A few years ago I was listening to a sermon about the Israelites in the desert and the golden calf. I remember laughing at them. The God of Israel just spread the Red Sea for them! God provided manna from thin air so they wouldn’t be hungry. God listened to the cries of His people and answered them. Then the Israelites built a Golden Calf to worship and I laughed.

That was arrogant of me.

How often have I, in a time of fleshly grievance, sat before The King and cried that I was lacking? How often have I told God His miracle for me was not good enough because it was not exactly what I wanted?

Too many times to count.

This Psalm illustrates the cycle that we today know all too well: love God, receive abundance, forget God, worship idols, feel the consequence of our sin, turn to God, and repeat. It is a dance God’s people have initiated from the beginning of time: Eve with the tree of knowledge, Sarah with the prophecy of her Son, the jews when their Messiah was given to them, and us when we turn to God in our deepest sorrows but find self-sufficiency in times of greatness.

Thankfully as believers we live in Hope.

The ending of the Psalm is an ending that continues to show the Grace of God. Despite the cycle of sin God gave the people a mighty (heavily flawed, loved, and human) king:  David. David was called a man after God’s own heart. As believers, who is our King now?


Despite the cycle of sin, despite our world and our brokenness, God has given us Jesus. He has given us the most perfect King who is not only our divine judge, but He calls us friend and co-heir.

We are children of God.

On this Monday morning I pray that reality sink in. You are chosen, loved, and blessed beyond any imagination.


Something to ponder

This week I was thinking about the many confessions that shape our faith. For the church, these confessions were meant to be an aid, help clarify and present some very clear points of doctrine. Now, I understand the fact that most believers do not get too excited about reading or memorizing these confessions. In all honesty, some of them are very long and use a lot of theological terms, and at the end of reading some of the confessions, you can really feel overwhelmed. I can say, even for myself, these are not necessary devotional readings.

If you want to take a shot at some of the confessions, please head over to the PCUSA website and have a look:

But I digressed. Some of the confessions are really beautiful reads, and full of deep meaning. For example the Nicene Creed:

We believe in one God,
      the Father almighty,
      maker of heaven and earth,
      of all things visible and invisible.

And in one Lord Jesus Christ,
      the only Son of God,
      begotten from the Father before all ages,
           God from God,
           Light from Light,
           true God from true God,
      begotten, not made;
      of the same essence as the Father.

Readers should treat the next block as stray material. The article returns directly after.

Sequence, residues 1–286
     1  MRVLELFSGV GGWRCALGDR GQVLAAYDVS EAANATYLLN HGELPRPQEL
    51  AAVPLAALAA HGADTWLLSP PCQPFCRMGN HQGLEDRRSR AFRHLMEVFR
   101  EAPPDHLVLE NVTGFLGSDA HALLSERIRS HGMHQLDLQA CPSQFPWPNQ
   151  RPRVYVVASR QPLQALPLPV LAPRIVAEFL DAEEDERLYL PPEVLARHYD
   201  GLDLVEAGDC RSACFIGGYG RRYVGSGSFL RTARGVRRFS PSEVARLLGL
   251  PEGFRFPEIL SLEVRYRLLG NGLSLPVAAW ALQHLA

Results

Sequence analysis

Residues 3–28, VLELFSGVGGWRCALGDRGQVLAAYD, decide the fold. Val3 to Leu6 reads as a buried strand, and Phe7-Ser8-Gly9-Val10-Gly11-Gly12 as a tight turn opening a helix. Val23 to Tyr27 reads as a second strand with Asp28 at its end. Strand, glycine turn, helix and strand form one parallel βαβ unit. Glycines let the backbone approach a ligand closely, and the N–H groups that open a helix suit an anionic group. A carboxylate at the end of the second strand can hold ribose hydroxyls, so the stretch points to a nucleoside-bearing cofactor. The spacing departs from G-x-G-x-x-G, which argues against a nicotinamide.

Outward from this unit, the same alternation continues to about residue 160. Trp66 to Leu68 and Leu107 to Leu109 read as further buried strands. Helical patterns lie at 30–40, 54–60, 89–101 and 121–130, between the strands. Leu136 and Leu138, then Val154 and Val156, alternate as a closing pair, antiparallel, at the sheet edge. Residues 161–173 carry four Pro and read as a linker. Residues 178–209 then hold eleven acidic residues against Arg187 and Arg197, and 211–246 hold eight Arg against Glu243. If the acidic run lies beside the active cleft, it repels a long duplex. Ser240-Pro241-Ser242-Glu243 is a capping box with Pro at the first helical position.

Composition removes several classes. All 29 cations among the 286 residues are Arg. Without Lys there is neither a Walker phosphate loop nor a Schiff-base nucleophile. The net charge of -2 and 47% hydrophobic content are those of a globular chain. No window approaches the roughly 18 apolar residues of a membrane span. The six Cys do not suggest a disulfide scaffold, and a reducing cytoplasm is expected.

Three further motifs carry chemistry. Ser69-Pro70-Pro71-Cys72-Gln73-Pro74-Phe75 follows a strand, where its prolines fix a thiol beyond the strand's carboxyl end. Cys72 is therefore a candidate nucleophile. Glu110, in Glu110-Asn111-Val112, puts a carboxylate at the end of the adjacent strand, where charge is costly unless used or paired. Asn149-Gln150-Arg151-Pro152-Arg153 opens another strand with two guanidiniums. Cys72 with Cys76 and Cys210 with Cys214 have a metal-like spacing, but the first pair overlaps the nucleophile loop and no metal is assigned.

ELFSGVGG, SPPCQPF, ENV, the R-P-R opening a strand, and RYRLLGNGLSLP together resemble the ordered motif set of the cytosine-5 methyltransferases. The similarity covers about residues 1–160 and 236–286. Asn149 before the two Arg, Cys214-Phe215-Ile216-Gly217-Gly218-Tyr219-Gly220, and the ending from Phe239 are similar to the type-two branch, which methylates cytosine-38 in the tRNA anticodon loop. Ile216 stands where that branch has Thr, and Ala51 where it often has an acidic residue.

Through him all things were made.
      For us and for our salvation
           he came down from heaven;
           he became incarnate by the Holy Spirit and the Virgin Mary,
           and was made human.
           He was crucified for us under Pontius Pilate;
           he suffered and was buried.
           The third day he rose again, according to the Scriptures.
           He ascended to heaven
           and is seated at the right hand of the Father.
           He will come again with glory
           to judge the living and the dead.
           His kingdom will never end.

And we believe in the Holy Spirit,
      the Lord, the giver of life.
      He proceeds from the Father and the Son,
      and with the Father and the Son is worshiped and glorified.
      He spoke through the prophets.
      We believe in one holy catholic and apostolic church.
      We affirm one baptism for the forgiveness of sins.
      We look forward to the resurrection of the dead,
      and to life in the world to come. Amen.

I just love it. In part because it gives so much more insight into the Trinity. But also because it helps me understand more about the Holy Spirit and the work of the Spirit throughout the ages. Creeds like this sometimes get overlooked, because they tend to be too long, or the wording might be a little confusing for a Sunday service. And yet they are still an amazing window into our faith.

Today I want to encourage you to think about your own faith in terms of what you believe. Dig a little deeper than saying “I believe in God”. Discover your faith in a new way today. Let your mind and your heart speak into your life about who the God you believe in is. Let faith arise in your circumstance from the deep of your belief.

Be blessed,

Bo M.


pm. If you have time I will also encourage you to think about how some of the confessions addressed social, theological issues along the history, helping the church be relevant in the culture of the day. (i.e. See the Belhar Confession –

Humility vs. Privilege

Philippians 2:5-11


The Message

Humility – a modest or low view of one’s own importance; humbleness.

Privilege – a special right, advantage, or immunity granted or available only to a particular person or group of people.

The Jews had long awaited for a Messiah who would come in, guns ablazing per se, who would restore Israel and oust the oppressive Romans. The God of Abraham and Jacob would demonstrate his full power by ridding the world of evil. There would be no question about when the time of the Messiah was actually happening. Everyone would know…